Ortho 2019 - Women in Orthopedics

(Front row, from left) Jamie E. Confino, MD, PGY-1, Lauren H. Redler, MD, Christen M. Russo, MD, Nadeen O. Chahine, PhD, Natasha N. Desai, MD, Margaret L. White, MD (2019 graduate), Stephanie S. Shim, MD (2019 graduate); (back row, from left) Josephine R. Coury, MD, PGY-1, Morgan A. Busko, MD, Lynn Ann Forrester, MD, PGY-1, Elise C. Bixby, MD, PGY-3, Suzanne Roberts, MD, Elizabeth R. Dennis, MD, MS, PGY-5, Liana J. Tedesco, MD, PGY-2, Danica D. Vance, MD (2019 graduate), and Wakenda K. Tyler, MD, MPH. Not pictured: Nicole S. Belkin, MD

While the number of women in medicine is now on par with men, Dr. Forese notes that the number of women in leadership roles has not kept pace. “I would like to see more women serving in leadership roles in orthopedics and in all of medicine. This can be achieved by helping to sponsor women for leadership roles, through promotions, and by making sure that we are encouraging women to pursue positions of increasing responsibility.”

Dr. Forese offers advice to young women who are considering entering orthopedics today. “It’s a great field and extremely rewarding, but I do think that it’s important for women to look for residency programs like Columbia that have proven track records in supporting and promoting female physicians and where you can envision yourself being successful.”

“Dr. Levine has made a huge effort in recruiting women over the last few years. He’s been wonderful about giving women equal opportunities,” says Morgan A. Busko, MD, a primary care physician in shoulder, elbow, and sports medicine. “We all feel extremely valued and welcomed. The department has also increased the number of female residents, which I think is immensely important. There’s great camaraderie among the women in the department knowing that we are fully supported and that others want us there.”

“Women who choose orthopedics were either an athlete themselves, had their own injury and experience with orthopedic surgeons as a patient, or somebody in their family is an orthopedic surgeon. I answer yes to all three,” says Lauren H. Redler, MD, an orthopedic surgeon specializing in adult and pediatric sports medicine. “I had early exposure to the field, which is why I believe programs like The Perry Initiative are so important. Young women otherwise wouldn’t know that orthopedics is a possibility for them.”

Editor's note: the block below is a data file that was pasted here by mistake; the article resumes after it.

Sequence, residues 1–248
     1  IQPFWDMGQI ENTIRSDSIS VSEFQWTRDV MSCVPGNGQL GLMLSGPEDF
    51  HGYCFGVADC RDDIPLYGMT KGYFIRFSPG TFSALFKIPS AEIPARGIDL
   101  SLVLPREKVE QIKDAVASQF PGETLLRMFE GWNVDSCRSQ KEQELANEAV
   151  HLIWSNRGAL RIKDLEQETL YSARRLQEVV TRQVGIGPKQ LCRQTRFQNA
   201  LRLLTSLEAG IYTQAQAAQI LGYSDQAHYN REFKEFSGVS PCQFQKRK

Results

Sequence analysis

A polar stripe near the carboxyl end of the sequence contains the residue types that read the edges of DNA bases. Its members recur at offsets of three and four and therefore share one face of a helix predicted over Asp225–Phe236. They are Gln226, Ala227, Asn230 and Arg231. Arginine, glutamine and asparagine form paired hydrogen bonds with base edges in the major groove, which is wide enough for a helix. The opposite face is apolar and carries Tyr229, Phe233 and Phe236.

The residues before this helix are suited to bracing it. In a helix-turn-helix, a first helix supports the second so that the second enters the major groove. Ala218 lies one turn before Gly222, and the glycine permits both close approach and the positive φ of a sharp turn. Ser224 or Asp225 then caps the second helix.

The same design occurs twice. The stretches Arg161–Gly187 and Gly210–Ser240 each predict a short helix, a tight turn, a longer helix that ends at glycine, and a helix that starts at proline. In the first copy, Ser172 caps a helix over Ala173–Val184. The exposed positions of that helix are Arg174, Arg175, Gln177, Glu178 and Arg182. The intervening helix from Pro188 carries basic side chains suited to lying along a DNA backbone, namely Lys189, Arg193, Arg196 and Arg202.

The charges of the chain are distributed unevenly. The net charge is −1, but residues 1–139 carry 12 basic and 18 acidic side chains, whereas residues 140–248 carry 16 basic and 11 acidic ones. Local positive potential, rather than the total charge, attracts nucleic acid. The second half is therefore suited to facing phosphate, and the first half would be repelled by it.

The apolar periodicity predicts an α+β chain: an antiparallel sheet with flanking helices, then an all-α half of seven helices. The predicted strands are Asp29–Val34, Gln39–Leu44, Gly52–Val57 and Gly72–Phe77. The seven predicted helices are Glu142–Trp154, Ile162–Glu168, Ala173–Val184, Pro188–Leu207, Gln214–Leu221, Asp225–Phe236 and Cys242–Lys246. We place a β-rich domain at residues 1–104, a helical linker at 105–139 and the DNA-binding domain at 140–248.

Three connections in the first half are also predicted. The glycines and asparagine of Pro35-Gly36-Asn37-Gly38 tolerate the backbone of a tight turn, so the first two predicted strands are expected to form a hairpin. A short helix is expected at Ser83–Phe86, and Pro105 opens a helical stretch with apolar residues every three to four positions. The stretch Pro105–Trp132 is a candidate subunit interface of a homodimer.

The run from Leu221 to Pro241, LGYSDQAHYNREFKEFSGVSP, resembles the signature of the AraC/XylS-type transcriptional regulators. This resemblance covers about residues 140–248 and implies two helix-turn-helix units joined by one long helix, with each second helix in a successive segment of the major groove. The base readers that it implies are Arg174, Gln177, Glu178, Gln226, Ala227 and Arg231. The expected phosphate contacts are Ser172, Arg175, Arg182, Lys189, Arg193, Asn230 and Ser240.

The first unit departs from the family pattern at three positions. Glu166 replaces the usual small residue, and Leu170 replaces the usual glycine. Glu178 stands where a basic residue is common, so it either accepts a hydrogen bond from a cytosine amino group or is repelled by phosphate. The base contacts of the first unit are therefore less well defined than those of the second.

“I’ve been very fortunate because Dr. Lauren Redler has been a mentor to me since day one,” says Elizabeth R. Dennis, MD, MS, a PGY-5 resident. “She has guided and helped me throughout medical school and residency. I think we will all feel elated when the distinction of being a woman or an underrepresented minority in orthopedics is synonymous with simply being an orthopedic surgeon. That’s one of the reasons I am serving on a diversity work group for the American Academy of Orthopaedic Surgeons, which is helping to raise awareness amongst members about all of the different types of people who make up and contribute to our community of orthopedic surgeons.”

“ We have to acknowledge that the generation before us took the first step that we’re now following, and that will help us to make it a bit easier for the next generation.”

– Dr. Wakenda K. Tyler

“I recently spoke to someone at a professional meeting who was surprised that I am an orthopedic surgical oncologist,” says Wakenda K. Tyler, MD, MPH, Chief of Orthopedic Oncology. “He asked if I felt I was physically capable of working in this field. I told him, ‘Orthopedics is not about brawn. It’s about brain, and if you’re using your brawn to get something done, you’re probably doing it wrong.’ He stepped back and said, ‘You’re right.’ So, I think we’ve got a way to go before women are seen as equal to men, but we’ve made strides in the last 15 to 20 years. Every generation is a step in the right direction. We have to acknowledge that the generation before us took the first step that we’re now following, and that will help us to make it a bit easier for the next generation.”